Graduate Theses & Dissertations

Regional differences in the whistles of Australasian humpback dolphins (genus Sousa)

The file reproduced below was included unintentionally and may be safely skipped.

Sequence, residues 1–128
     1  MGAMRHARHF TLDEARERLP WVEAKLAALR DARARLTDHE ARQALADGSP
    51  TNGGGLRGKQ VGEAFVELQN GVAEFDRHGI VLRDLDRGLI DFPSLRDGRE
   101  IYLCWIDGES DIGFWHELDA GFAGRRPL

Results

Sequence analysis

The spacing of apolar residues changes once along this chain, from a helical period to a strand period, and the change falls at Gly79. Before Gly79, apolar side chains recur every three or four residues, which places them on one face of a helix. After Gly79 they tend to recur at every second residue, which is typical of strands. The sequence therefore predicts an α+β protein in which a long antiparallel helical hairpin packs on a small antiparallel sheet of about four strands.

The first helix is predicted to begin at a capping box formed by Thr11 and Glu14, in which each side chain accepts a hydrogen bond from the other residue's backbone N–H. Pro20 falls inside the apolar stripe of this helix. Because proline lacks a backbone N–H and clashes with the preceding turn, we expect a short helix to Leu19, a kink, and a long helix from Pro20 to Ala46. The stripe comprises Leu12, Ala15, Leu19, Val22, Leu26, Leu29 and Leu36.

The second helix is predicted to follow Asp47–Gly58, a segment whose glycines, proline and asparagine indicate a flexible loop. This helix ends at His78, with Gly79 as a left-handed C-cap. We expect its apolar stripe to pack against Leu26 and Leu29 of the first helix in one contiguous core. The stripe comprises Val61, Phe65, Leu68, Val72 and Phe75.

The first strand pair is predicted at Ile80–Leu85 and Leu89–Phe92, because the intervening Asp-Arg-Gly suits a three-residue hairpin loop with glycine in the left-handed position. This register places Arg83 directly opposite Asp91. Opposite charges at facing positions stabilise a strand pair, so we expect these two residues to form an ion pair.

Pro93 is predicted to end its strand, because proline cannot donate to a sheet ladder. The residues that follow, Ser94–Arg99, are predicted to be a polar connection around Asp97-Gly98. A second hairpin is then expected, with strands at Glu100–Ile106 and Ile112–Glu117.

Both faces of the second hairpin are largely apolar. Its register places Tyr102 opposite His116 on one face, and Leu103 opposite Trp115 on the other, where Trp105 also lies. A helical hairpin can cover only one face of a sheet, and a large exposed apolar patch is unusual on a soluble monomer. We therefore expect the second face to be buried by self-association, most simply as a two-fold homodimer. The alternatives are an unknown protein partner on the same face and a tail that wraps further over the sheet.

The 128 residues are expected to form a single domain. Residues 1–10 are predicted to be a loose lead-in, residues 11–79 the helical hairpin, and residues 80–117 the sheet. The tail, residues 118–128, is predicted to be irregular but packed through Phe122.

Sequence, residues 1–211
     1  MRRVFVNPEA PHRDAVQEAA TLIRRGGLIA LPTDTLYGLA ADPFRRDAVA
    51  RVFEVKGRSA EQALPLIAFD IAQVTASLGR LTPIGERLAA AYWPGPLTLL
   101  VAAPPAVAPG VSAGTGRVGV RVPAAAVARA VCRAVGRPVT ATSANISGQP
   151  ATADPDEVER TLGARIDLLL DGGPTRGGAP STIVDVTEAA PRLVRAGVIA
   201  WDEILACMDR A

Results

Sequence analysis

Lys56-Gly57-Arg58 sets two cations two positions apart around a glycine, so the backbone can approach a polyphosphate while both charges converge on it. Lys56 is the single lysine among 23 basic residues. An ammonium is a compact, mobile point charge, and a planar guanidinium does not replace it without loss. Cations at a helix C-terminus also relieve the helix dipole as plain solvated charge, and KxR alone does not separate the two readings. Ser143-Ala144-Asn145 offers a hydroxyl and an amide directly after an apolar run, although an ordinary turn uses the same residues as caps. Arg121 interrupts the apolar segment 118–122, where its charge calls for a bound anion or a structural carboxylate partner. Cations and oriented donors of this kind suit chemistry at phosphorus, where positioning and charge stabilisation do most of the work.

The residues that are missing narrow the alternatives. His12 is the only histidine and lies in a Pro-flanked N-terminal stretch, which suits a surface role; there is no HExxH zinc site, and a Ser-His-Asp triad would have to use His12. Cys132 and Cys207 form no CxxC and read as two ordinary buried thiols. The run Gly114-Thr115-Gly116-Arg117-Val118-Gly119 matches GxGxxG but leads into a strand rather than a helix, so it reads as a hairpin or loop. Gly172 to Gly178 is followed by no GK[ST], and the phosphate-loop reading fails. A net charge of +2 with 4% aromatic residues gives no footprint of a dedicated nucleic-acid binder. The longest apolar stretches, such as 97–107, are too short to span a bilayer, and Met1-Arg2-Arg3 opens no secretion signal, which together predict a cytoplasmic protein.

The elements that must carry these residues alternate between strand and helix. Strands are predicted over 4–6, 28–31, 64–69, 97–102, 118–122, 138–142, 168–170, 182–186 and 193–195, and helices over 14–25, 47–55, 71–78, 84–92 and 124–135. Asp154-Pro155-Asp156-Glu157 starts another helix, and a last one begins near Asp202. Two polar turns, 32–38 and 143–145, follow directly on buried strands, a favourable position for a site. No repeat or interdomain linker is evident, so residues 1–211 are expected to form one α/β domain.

Most delphinids produce narrowband frequency-modulated whistles with a high level of plasticity to communicate with conspecifics. It is important to understand geographic variation in whistles as signal variation in other taxa has provided insight into the dispersal capabilities, genetic divergence and isolation among groups, and adaptation to ecological conditions. I investigated whistle variation of Indo-Pacific humpback dolphins (Sousa chinensis chinensis), Taiwanese humpback dolphins (S. c. taiwanensis) and Australian humpback dolphins (S. sahulensis) to test whether differences in whistles support the hypotheses of population structure, regional and species differences in the genus Sousa, which were based on morphological and genetic data. I also investigated important factors that may contribute to local distinctiveness in whistles including behavioural state, group size, and the influence of vessel noise. Multivariate analyses of seven acoustic variables supported the hypotheses of population structure, regional and species differences. Acoustic diversification between groups is likely influenced by behaviour and social contexts of whistles, and environmental noise. The use of sound to identify discrete groups of humpback dolphins may be important in future studies where genetic and morphological studies may not reveal recent differentiation or are difficult to conduct. Author Keywords: Bioacoustics, Cetacean, Geographic variation, Population biology, Sousa, Whistle characteristics

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